Tag Archives: consumerism

“Being a small part of something big”

FullSizeRenderTeresa Belton’s book Happier People Healthier Planet: How putting wellbeing first would sustain life on Earth has proven an inspired read to ease into the new year, helping me to re-commit to priorities I’ve personally set (and sometimes struggled with) over the last 8 years, since I first started studying Buddhism and learning about the concept of “gross national happiness.”

This scholarly text is filled with intriguing stories of people who have made choices to live more simply,; to quit jobs they hate and step off the treadmill of consumption; to steer instead onto paths that honor who they are, instead of being who society expects them to be.

As Belton lays out artfully in her text, these choices aren’t just good for the individual; they’re helpful to the planet, overall.  Having control over one’s life, she writes, rather than achieving success in the eyes of others, is what matters for genuine well-being.

One remark from an interviewee hit my recovering Type-A self hard: “The realization and the acceptance that I wasn’t ambitious in the slightest enabled me to pursue work which wasn’t about getting somewhere and more about enabling me to live a more authentic lifestyle.”

“More isn’t better,” concludes an interviewee named Mark, “…I hate waste and greed…nature is free, generous, delightful, uplifting.  Because consuming only what I find I need reduces my carbon footprint and allows me to feel good about myself and my place in this environment.”

You may not finish this book inspired to make radical shifts in your life, like eschewing air travel or bathing, as one woman does to preserved natural resources, using a bucket and soap rather than in the shower.  You may be like one interview subject, who despairs over the use of the word “happiness” when there is intractable suffering and degradation of our natural resources. (Others point out the tremendous good even one person can make in shifting the state of the world.) But if you’re even mildly intrigued by the ideas that recognizing we are “a small part of something big” trumps any house you can buy or promotion you can get at work, and that solitude and silence and nature are more nourishing than pricey handbags, you’ll find this a satisfying read.  It’s good to know there are people out there who are driven by such strong, positive beliefs that take into account their fellow humans, not simply by the grab of cash most of us are instructed to pursue.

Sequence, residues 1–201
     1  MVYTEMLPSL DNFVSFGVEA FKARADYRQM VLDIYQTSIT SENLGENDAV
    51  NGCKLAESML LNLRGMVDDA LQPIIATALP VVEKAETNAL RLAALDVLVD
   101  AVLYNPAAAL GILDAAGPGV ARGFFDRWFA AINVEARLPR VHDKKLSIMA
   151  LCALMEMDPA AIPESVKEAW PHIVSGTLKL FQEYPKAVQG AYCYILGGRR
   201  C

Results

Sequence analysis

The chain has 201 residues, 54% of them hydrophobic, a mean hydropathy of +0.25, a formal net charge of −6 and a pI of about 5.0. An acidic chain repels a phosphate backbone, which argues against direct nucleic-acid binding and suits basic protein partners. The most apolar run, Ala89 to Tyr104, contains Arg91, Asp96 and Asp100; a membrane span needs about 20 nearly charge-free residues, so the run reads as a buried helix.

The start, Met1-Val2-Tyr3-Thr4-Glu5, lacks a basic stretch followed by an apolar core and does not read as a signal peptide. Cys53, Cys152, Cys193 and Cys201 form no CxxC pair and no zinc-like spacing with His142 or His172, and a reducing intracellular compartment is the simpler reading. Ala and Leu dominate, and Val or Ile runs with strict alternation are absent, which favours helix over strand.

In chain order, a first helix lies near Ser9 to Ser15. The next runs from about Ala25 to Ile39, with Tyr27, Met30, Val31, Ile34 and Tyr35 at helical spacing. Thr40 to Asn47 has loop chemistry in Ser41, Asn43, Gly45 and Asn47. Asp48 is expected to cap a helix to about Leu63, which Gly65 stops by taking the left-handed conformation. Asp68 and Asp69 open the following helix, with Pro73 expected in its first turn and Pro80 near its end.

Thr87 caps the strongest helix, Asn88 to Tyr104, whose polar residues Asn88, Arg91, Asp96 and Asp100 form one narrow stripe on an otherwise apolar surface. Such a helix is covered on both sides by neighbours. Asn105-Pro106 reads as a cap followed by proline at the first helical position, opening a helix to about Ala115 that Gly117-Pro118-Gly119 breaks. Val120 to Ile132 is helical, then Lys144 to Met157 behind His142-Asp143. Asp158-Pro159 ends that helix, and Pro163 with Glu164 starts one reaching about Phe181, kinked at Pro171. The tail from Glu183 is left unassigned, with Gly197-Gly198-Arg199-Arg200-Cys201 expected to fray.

Be true to yourself in this year 2015.

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Rupee crunch, consumerism and Bhutan

There’s a run on banks in Bhutan due to the rupee crunch.  The rupee is on par with the Bhutanese currency, the ngultrum, and has, until now, been equally accepted.  The trouble is, in part, due to soaring imports from India and a surge in private loans for cars and housing over the last few years; so says the Royal Monetary Authority.

Translated: consumerism’s grip is taking hold.

Business Bhutan has this comprehensive write-up, which begins: “Bhutan is perhaps facing the biggest economic problem in its history which can lead to a crisis anytime soon if appropriate measures are not taken with the Indian rupee shortage reaching unprecedented levels threatening to hold the Bhutanese economy at ransom.”

Here is another account:

“Thousands of Indian businessmen applied to close their accounts in the banks and withdrew the amount in Indian Rupee. There was a huge rush everywhere as the Central Bank announced in their directives that accounts which are closed on before 9th March may be settled in Indian Rupee. Therefore, there was so much hustle and bustle in the banks, especially in the border towns.  Indians came in scores and took their money worth millions (almost emptying the banks). ”

And Kuensel is reporting that software is being installed at banks in Bhutan to keep track of (and limit) currency transfer by Bhutanese of ngultrum to rupee.

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